CLOSE
Original image

Thingamajig Thursday: the Brannock Device

Original image

It's time for another Thingamajig Thursday. Today I'm naming that silvery metal thing you stick your foot in when you go to the shoe store. It's called the Brannock Device because it was--surprise, surprise--invented by one Mr. Brannock... Charles F., to be precise.

Some interesting facts via The Lemelson-MIT Program:

As a Syracuse University student, young Brannock wanted to find the best way to measure the foot. He played around with the idea for a couple of years and finally built a prototype using an Erector set. In 1926 and 1927, Brannock patented the device and created a company to build it.

Some other interesting things worth knowing about this particular thingamajig:

* It comes in a variety of colors! (green, purple, red and black.) * In addition to different models for men and women, adult and children, there are also Brannock Devices for ski boots! * During WW II, the Army hired Brannock to make sure boots and shoes fit soldiers. * Advised to make his devices out of plastic, ensuring that they would need to be replaced every couple of years, Brannock refused and would only make them from durable steel. * Today, most shoe stores don't get rid of their Brannock Devices for 10 or 15 years, until the numbers finally wear away from so much use.

Okay, so now we've reached my favorite part of Thingamajig Thursday, the part where I ask you all to come up with a better name for the thingamajig, because, let's face it, the Brannock Device is about as original as a new reality TV show on Bravo. So lay 'em on us!

      Original image
      iStock // Ekaterina Minaeva
      technology
      arrow
      Man Buys Two Metric Tons of LEGO Bricks; Sorts Them Via Machine Learning
      May 21, 2017
      Original image
      iStock // Ekaterina Minaeva

      Jacques Mattheij made a small, but awesome, mistake. He went on eBay one evening and bid on a bunch of bulk LEGO brick auctions, then went to sleep. Upon waking, he discovered that he was the high bidder on many, and was now the proud owner of two tons of LEGO bricks. (This is about 4400 pounds.) He wrote, "[L]esson 1: if you win almost all bids you are bidding too high."

      Mattheij had noticed that bulk, unsorted bricks sell for something like €10/kilogram, whereas sets are roughly €40/kg and rare parts go for up to €100/kg. Much of the value of the bricks is in their sorting. If he could reduce the entropy of these bins of unsorted bricks, he could make a tidy profit. While many people do this work by hand, the problem is enormous—just the kind of challenge for a computer. Mattheij writes:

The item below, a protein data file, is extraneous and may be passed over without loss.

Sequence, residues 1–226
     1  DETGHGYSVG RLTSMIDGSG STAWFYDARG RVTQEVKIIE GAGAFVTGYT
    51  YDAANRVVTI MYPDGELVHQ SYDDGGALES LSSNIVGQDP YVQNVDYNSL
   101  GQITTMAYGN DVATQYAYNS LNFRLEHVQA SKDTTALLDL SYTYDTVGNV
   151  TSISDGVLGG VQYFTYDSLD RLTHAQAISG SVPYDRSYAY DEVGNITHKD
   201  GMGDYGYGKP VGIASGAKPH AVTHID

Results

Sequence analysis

There are 38000+ shapes and there are 100+ possible shades of color (you can roughly tell how old someone is by asking them what lego colors they remember from their youth).

      In the following months, Mattheij built a proof-of-concept sorting system using, of course, LEGO. He broke the problem down into a series of sub-problems (including "feeding LEGO reliably from a hopper is surprisingly hard," one of those facts of nature that will stymie even the best system design). After tinkering with the prototype at length, he expanded the system to a surprisingly complex system of conveyer belts (powered by a home treadmill), various pieces of cabinetry, and "copious quantities of crazy glue."

      Here's a video showing the current system running at low speed:

      The key part of the system was running the bricks past a camera paired with a computer running a neural net-based image classifier. That allows the computer (when sufficiently trained on brick images) to recognize bricks and thus categorize them by color, shape, or other parameters. Remember that as bricks pass by, they can be in any orientation, can be dirty, can even be stuck to other pieces. So having a flexible software system is key to recognizing—in a fraction of a second—what a given brick is, in order to sort it out. When a match is found, a jet of compressed air pops the piece off the conveyer belt and into a waiting bin.